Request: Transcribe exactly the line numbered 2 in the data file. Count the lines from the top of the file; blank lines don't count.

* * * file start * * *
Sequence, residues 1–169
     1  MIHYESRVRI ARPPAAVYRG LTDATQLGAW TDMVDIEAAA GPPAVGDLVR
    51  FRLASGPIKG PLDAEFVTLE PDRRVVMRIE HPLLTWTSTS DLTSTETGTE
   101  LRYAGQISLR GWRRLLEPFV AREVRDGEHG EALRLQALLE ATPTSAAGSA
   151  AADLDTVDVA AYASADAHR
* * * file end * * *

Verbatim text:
     1  MIHYESRVRI ARPPAAVYRG LTDATQLGAW TDMVDIEAAA GPPAVGDLVR